Shellfish ban in select areas due to red tide
MANILA, Philippines - Love shellfish? Better check where they came from before you buy.
The Bureau of Fisheries and Aquatic Resources (BFAR) issued a bulletin on Friday, February 23, imposing a shellfish ban in the coastal waters off Alaminos, Pangasinan after shellfish from this area tested positive for paralytic shellfish poisoning, also known as red tide.
This bulletin remains in effect, BFAR staff told Rappler.com as of Monday, February 27. (See copy of the bulletin below)
The BFAR bulletin said the ban also covers:
- Dumanquillas Bay in Zamboanga del Sur;
- Murcielagos Bay in Zamboanga del Norte and Misamis Occidental;
- Masinloc Bay in Zambales;
- Bataan waters of Mariveles, Limay, Orion, Pilar, Balanga, Orani, Abucay and Samal;
- Matarinao Bay in Eastern Samar and
- Bolinao, Anda, Wawa, and Bani in Pangasinan
BFAR said that harvesting, selling, buying and eating shellfish from these areas are prohibited.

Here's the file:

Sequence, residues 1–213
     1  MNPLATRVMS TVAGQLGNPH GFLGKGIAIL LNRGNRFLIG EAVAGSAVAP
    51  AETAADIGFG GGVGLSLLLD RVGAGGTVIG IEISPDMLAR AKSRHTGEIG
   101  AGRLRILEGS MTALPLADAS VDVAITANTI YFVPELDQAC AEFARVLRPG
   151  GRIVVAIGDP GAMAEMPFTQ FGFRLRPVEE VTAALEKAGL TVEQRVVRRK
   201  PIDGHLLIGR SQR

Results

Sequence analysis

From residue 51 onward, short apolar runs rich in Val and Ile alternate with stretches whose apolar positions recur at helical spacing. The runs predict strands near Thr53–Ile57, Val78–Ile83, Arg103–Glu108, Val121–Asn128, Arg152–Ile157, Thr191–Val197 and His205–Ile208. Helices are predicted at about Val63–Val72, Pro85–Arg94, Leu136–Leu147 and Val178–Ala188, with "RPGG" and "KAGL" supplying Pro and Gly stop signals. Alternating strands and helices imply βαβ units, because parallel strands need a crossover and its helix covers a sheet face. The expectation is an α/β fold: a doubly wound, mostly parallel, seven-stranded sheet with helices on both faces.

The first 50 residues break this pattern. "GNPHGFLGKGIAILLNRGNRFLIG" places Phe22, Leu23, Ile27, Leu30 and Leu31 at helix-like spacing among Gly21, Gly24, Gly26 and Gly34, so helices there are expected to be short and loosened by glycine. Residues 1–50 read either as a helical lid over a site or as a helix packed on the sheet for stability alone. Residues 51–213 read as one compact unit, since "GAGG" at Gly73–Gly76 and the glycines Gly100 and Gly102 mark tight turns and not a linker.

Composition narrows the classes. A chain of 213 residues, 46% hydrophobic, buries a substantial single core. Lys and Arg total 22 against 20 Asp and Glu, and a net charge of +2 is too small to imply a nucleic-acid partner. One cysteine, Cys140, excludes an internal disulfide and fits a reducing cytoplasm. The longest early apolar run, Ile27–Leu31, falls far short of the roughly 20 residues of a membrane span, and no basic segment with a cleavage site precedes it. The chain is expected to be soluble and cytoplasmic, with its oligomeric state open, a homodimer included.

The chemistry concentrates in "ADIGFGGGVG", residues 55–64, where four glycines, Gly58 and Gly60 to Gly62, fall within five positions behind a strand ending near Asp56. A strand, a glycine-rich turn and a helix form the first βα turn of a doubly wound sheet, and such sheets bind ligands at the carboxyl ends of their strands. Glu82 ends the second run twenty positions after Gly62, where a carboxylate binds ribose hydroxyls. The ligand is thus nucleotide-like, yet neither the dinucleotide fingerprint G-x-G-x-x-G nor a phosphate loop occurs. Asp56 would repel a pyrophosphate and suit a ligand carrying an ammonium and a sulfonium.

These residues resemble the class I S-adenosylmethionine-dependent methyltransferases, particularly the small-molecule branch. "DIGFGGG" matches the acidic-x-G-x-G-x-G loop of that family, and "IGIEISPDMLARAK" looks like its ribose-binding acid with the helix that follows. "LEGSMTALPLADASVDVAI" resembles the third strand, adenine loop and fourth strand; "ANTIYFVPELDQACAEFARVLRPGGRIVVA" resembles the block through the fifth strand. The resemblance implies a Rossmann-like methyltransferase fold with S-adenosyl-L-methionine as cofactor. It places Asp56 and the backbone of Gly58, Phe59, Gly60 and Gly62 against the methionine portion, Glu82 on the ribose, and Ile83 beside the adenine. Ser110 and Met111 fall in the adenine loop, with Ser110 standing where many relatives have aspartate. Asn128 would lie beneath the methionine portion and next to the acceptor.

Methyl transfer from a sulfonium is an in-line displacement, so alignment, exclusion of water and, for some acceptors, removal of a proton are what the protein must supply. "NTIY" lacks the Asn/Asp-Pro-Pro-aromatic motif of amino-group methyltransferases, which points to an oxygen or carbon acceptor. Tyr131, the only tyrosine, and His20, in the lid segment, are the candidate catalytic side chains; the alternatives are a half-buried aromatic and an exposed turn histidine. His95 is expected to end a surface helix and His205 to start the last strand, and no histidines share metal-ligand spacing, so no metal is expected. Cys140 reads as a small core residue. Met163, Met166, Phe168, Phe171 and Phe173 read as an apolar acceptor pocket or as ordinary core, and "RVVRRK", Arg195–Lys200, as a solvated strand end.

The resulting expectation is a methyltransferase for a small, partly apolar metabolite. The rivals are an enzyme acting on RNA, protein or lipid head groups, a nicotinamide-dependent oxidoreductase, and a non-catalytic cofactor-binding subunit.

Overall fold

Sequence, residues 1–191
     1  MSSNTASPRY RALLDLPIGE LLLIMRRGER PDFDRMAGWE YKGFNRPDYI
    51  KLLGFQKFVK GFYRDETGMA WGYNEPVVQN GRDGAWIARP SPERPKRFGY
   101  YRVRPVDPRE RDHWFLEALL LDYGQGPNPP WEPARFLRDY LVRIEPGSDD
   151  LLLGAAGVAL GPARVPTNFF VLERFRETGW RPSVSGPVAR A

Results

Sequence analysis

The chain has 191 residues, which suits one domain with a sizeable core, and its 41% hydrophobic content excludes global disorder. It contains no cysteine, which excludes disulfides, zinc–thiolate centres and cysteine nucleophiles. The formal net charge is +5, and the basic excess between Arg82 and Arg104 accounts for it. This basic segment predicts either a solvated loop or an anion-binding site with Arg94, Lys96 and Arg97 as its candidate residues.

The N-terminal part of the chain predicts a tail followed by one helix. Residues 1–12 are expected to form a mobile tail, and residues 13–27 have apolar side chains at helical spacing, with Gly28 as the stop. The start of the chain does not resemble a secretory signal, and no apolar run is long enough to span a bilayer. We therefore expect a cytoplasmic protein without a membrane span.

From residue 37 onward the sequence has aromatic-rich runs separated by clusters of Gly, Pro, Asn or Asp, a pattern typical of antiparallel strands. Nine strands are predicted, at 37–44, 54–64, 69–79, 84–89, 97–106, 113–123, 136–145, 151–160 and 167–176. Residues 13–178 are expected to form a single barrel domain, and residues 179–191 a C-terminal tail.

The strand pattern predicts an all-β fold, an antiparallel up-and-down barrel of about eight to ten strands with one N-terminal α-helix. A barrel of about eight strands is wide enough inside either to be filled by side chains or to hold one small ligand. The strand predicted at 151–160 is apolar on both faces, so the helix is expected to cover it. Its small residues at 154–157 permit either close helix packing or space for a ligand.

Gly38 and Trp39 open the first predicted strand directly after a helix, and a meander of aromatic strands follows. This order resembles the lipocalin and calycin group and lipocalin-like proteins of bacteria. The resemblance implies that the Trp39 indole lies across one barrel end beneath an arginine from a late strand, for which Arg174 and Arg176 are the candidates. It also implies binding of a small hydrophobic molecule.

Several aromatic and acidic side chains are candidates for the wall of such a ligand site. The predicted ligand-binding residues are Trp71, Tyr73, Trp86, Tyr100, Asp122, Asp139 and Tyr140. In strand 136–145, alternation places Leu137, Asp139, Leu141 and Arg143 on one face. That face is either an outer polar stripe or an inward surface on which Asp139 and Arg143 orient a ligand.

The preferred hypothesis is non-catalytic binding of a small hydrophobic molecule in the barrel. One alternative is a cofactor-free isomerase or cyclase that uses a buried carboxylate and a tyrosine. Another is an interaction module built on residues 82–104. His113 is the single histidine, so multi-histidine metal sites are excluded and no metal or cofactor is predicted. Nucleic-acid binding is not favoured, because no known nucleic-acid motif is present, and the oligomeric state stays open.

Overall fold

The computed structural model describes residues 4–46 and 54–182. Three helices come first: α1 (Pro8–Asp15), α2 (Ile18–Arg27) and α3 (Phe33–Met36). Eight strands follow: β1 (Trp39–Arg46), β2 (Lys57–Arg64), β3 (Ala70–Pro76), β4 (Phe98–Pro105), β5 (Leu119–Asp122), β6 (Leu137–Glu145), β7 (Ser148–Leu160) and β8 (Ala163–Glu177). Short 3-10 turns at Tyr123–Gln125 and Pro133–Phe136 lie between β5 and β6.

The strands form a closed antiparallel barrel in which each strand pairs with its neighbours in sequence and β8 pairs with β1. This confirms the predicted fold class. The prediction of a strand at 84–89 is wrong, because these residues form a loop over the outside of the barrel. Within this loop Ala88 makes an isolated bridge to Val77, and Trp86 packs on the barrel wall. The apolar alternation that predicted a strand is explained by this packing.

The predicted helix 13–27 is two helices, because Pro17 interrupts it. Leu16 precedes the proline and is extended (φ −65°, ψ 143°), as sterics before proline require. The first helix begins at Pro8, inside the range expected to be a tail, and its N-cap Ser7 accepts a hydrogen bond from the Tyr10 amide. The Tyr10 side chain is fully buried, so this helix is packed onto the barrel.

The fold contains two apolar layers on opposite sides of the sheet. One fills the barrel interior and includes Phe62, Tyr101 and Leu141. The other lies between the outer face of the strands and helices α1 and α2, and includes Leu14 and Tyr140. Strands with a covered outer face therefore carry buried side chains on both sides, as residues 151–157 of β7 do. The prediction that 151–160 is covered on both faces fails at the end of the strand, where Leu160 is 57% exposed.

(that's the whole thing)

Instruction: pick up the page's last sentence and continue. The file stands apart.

“All types of shellfish and Acetes sp. or alamang gathered from the areas shown above are not safe for human consumption. Fish, squids, shrimps, and crabs are safe for human consumption provided they are fresh and washed thoroughly and internal organs such as gills and intestines are removed before cooking,” the bulletin showed.
Red tide free
The areas indicated in the BFAR Bulletin to be “free from toxic red tide" are the following:
Manila Bay Area:
- Las Piñas;
- Bulacan; and
- Milagros and Mandaon in Masbate;
- Juag Lagoon in Matnog; and
- Sorsogon Bay in Sorsogon
- Honda and Puerto Bays in Puerto Princesa City
- Inner Malampaya Sound in Taytay, Palawan
- Pilar, Pres. Roxas, Panay, Roxas City, Ivisan and Sapian in Capiz;
- E.B. Magalona, Pontevedra, Pulupandan, Villadolid, Talisay City, Silay City, Bacolod City, Hinigaran, Cadiz City, Victorias City, Bago City and San Enrique in Negros Occidental;
- Irong-irong, Maqueda and Villareal Bays in Samar;
- Ormoc, San Pedro, Cancabato and Carigara Bays in Leyte; and
- Biliran waters in Biliran province
- Hinatuan, Bislig and Lianga Bays in Surigao del Sur; and
- Taguines Lagoon in Benoni Mahinog, Camiguin Island.